Natural Stories Museum
It’s 2018 and I’m at my publisher’s office. He’s a friend and he’s just returned from Mozambique, where he visited the National History Museum. He tells me about the collection’s unique and coveted specimens, including elephant fetuses in several development stages. My publisher friend mentions the museum’s simplicity, its discrete and naïve existence. We discuss the state of the African countries influenced by the Portuguese. I’ve never been to Mozambique, only to Angola, but some family members spent some time there. Grandparents lived there, aunts were born there, my mother spent there her summer holidays. I don’t believe I tell him a great-grandfather of mine was the governor-general of that former colony. It’s useless to go over a past I don’t know very well. But today, a month later, thanks to my mother, I stumble across a biographical note of that ancestor of mine, born in the 19th century, in Lamego (a city where I would spend several summer holidays in the 20th century, because my step-father’s maternal side still had a family home there). I find out that in 1933 my great-grandfather set up Mozambique’s National History Museum, which had a different name back then, in its current building. At the time, perhaps they already had in the collection a precious celacanto (Latin: latimeria), an animal believed to be extinct but that was found again in South Africa, in 1938. Just like elephant fetuses, preserved in formaldehyde, it will forever be swimming without moving.
A cousin of my great-grandfather, Augusto Cabral, also had a governing post in a Mozambican province. It seems that that family member of mine had a son, also Augusto Cabral, who became a biologist, sculptor, painter, and director of Mozambique’s National History Museum from 1977 and 2006, the year of his death. In the museum gardens there are murals by the famous painter Malangatana. He was a ball boy at Lourenço Marques Tennis Club, where my biologist relative used to go. One day, the young man asked him if he could have a pair of tennis shoes he was no longer wearing, and Augusto Cabral told him to come by his house to get them. There, Malangatana saw him painting and was mesmerized. Along with the shoes, he got paint, brushes, and a few plywood sheets.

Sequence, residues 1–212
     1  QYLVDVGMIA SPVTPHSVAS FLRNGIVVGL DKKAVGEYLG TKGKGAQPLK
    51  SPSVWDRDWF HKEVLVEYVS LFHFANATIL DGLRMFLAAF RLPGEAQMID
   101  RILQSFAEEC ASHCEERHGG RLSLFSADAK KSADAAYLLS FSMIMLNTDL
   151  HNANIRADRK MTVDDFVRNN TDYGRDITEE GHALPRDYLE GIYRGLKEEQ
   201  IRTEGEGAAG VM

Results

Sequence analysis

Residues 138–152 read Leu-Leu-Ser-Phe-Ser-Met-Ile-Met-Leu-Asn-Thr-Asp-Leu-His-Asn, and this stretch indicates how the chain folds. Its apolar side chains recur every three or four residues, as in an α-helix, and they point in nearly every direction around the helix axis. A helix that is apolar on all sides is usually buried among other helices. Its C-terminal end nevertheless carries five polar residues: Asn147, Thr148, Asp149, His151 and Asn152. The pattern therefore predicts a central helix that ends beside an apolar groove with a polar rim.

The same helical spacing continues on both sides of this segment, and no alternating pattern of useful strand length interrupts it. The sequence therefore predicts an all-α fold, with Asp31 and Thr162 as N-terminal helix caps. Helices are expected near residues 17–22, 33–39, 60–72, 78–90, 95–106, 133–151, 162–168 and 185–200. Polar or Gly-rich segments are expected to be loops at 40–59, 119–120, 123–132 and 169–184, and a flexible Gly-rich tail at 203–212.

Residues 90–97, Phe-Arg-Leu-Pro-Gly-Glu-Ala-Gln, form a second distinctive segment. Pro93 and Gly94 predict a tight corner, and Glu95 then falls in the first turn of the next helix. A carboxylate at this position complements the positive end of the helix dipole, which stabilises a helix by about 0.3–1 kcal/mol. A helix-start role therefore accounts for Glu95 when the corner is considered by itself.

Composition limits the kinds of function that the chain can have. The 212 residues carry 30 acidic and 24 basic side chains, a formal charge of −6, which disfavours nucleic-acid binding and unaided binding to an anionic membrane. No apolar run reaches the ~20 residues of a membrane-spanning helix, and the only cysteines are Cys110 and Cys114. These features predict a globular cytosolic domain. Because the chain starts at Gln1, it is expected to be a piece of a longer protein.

“Platex”. I’ve heard that word many times as a child. These are the plywood sheets you don’t see around anymore (platex, lusalite, asbestos, the building materials of the future are a thing of the past) but over which my father used to paint. He began painting after the Colonial War, where he was placed in Mozambique’s Niassa region, not too far from Vila Cabral, in honor of his future wife’s grandfather, still a child and stranger to him at the time. It was his first wife, now long deceased, who taught him how to paint. And his second wife would learn from him. My father would go on painting for the rest of his life, selling to people in chance encounters. One of them was Marcelo Rebelo de Sousa, a great friend of Malangatana’s son, who paid him more than the asking price, when he met him in Cascais. (The writing becomes convoluted when the verb tenses mix this way, but I speak the truth, dear reader.)
That painter and biologist relative of mine directed the museum, studied snakes, serpents, lizards, turtles, toads, and frogs, and was in charge of the bird, mammals, and insect collections, worked on radio programs for children, propagating knowledge about animals, and published a book called Mozambique’s Butterflies (when a butterfly flaps its wings in Mozambique), filled with his watercolors, and with a preface by the biologist and writer Mia Couto. Now, with my friend the publisher, I try to write children’s books about ducks and turtles, with him in charge of the illustrations, me a daughter of a painter, he the son of a writer. I shan’t forget to tell him about “Celacanto”, a surrealist short story by Mário de Carvalho a friend showed me once and that now comes to mind.
We always believe history is extinct, until it shows up on the shore once again. We make that same mistake over and over. Like the celacanto, we swim without going anywhere.